5. Get quality sleep
One of the first things to suffer when encountering money problems is your sleep. Racing thoughts and anxiety about the future can impact your ability to both fall asleep and get a good night’s rest. Financially stressed people fall into the worst sleepers. So, it is good to focus on getting enough shut-eye.
6. Be kind to yourself
Make self-care a priority. Even if it involves taking five minutes to take a walk and temporarily remove yourself from the situation, doing something that is going to positively impact your mental health can help break the cycle of negativity caused by financial worries.
7. Identify where you still have control
Debt and uncertainty can make one feel out of control, so maintaining a healthy routine can help give you a better perspective. Anxious thoughts or depression associated with financial stress can make maintaining a routine difficult, so start small in building healthy habits and avoid triggers to both unhealthy coping mechanisms and impulsive spending.
8. Stay connected
Humans are social creatures. Observational studies have suggested a correlation between our physical health and our relationships with family, friends and community, as well as between social connectedness and mental health. While it’s understandable that staying connected can feel much harder right now, it’s important to keep reaching out – for your own sake and the sake of those you love.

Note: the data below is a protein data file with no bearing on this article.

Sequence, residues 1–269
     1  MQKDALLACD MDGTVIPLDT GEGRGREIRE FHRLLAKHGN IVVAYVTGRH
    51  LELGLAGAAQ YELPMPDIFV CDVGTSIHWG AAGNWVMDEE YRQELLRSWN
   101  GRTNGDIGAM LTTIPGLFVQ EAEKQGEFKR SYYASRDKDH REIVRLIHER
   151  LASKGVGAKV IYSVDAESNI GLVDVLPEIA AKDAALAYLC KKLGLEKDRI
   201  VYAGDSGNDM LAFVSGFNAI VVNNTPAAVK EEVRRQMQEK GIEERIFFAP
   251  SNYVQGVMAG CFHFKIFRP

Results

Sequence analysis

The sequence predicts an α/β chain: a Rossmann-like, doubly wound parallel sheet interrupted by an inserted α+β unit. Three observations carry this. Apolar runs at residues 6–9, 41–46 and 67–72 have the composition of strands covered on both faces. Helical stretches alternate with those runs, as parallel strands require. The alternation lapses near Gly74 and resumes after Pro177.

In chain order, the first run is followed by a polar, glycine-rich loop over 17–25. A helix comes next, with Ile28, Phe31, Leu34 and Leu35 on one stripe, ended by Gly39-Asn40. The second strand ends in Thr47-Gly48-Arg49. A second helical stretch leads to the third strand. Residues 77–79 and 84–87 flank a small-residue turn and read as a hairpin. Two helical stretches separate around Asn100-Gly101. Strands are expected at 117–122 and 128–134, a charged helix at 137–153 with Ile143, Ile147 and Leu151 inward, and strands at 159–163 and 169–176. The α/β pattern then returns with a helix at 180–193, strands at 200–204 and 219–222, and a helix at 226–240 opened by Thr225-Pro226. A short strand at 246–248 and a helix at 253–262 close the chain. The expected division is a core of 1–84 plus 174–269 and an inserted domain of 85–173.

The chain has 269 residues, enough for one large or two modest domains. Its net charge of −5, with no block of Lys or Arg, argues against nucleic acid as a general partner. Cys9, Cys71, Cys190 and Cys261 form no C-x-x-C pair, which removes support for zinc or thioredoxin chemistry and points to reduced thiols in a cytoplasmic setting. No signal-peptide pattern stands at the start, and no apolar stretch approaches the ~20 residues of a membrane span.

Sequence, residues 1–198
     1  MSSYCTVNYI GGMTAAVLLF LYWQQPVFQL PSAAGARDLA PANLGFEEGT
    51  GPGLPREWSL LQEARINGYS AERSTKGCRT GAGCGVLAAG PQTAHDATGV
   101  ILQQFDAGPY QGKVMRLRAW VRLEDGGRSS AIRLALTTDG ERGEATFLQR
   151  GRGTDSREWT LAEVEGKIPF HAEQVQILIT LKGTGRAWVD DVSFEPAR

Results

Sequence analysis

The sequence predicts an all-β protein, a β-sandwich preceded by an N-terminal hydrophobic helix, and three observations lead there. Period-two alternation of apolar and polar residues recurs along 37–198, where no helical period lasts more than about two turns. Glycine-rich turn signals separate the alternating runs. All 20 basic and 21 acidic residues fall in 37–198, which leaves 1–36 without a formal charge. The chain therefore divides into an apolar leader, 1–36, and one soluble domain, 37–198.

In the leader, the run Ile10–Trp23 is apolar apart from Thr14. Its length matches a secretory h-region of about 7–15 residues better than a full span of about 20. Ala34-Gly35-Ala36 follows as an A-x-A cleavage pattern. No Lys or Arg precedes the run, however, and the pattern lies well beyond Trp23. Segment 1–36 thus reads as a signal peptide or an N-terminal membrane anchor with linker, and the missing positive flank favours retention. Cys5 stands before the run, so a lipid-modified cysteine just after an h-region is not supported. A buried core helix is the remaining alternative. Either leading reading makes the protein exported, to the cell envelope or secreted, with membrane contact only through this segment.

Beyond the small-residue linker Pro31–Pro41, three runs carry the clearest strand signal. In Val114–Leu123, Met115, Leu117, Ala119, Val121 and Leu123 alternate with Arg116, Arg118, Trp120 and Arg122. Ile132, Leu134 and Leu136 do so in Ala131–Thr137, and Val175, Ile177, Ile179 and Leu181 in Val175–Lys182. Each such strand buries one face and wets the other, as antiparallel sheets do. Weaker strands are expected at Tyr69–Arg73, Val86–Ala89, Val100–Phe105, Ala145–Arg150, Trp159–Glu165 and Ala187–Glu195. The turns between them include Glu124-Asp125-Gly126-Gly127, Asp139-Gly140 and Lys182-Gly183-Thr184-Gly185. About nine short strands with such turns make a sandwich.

9. Get professional help
While there are strategies you can employ to care for your mental health in the face of economic decline, there are some cases in which you may need to reach out for professional intervention. Severe worry and concern can lead to clinical levels of depression, anxiety, and substance misuse. If feelings of worry, fear, or sadness related to struggling economic times have begun to interfere with daily life or contribute to unhealthy coping strategies, such as substance abuse, you would benefit from working with a mental health professional. In therapy sessions, you can learn to reframe negative thoughts and develop healthier coping mechanisms so that financial woes do not have a significant effect on your mental health functioning.
Remember that nothing lasts forever, not even an economic crisis. Keep in mind that better times can be created ahead by dealing with financial challenges of today. Create a plan by looking at all the possibilities you have open (even if it may not seem like there are many). Talk to a financial advisor, for example, and get a clear idea of where you are right now and where you’re going. Your plan may span several years, but it’s important to have an idea of how you’re going to handle this crisis. Not only will it be easier to know what to do, but having a plan can put your mind at ease so you’re not thinking about finances and “what to do” all the time.